Longtime standup comic Lewis Black, who recently personified the emotion of Anger for Pixar’s critically-acclaimed Inside Out, says that working on the Pixar gem was an illuminating experience.
“I just haven’t been in an environment that really understood how creativity works,” says Lewis, who chatted with EW during the New York Comedy Festival. “They know how to treat creative people. It’s like an army of creative people they have there. They’re telling the story to tell the story, without worrying about the focus group. I mean with ours, they were going down a blind alley at one point, and Peter [Docter] had to just go, ‘This isn’t right, I’m gonna have to backtrack here.’ It was pretty extraordinary. They’re just a nice group of people, which in this business is just, whoa. I’ll tell you this, they’re not in Hollywood, they’re not in New York. They’re an island unto themselves. That really helps.”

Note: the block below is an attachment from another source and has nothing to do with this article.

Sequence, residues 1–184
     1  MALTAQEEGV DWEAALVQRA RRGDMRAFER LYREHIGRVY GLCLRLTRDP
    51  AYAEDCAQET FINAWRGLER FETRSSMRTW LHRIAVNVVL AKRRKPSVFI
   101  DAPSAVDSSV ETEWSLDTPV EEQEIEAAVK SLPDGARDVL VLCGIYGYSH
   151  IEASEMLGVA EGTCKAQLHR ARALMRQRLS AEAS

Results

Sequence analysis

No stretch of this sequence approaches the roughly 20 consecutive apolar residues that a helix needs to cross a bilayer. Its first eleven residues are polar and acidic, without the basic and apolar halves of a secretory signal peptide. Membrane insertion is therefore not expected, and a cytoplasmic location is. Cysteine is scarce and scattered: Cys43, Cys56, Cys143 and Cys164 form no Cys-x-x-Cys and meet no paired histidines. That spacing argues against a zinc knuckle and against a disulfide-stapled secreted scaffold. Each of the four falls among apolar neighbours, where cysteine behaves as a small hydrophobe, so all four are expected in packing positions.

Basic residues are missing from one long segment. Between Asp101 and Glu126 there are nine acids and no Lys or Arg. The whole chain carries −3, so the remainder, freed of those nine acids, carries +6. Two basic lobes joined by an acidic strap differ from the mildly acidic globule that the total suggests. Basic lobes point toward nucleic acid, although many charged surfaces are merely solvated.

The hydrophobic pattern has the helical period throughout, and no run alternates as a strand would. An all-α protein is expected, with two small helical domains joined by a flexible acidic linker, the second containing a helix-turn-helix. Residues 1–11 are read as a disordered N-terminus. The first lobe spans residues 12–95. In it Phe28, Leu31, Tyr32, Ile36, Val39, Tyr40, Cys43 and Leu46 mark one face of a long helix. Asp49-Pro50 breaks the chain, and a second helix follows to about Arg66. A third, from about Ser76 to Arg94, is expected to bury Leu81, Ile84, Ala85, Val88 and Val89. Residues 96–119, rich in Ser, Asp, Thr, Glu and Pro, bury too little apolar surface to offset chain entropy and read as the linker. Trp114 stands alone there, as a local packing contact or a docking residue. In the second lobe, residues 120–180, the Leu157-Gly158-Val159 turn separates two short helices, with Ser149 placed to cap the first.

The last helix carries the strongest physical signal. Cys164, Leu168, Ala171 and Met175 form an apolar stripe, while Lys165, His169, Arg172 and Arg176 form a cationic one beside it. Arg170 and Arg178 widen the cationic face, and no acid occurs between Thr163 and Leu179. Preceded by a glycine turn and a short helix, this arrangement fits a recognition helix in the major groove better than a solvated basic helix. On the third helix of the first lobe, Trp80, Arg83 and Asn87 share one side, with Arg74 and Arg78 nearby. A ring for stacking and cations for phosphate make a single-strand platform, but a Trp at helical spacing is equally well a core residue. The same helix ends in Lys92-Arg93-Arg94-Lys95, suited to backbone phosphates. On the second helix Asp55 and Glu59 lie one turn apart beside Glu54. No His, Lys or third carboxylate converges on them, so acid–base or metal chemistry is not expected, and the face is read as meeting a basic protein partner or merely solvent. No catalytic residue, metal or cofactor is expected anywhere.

As with Patton Oswalt’s Remy (Ratatouille) or John Goodman’s Sully (Monsters, Inc.; Monsters University), Black’s Anger manages not just to sound like the voice actor, but also to mimic his physicality and personality. This is not accidental.
“They came out and watched my standup,” Black says. “They watched a set and then showed me drawings they were doing while I was on stage. In the end, people say that character looks somewhat like me. It’s really a little scary. I think that they caught the mannerism of me.”
Inside Out, which earned more than $851 million at the worldwide box office, addresses complex emotions and the pain of growing up with humor and without talking down to its young audience. Black says that in his experience, not condescending is always the key to making a kid laugh.
“Talk to them like they’re on the same level that you are,” Black says. “I never talk to kids like they’re kids. They don’t talk that way. I don’t think I did, when I was a kid. Everybody else is always trying to talk down to you.”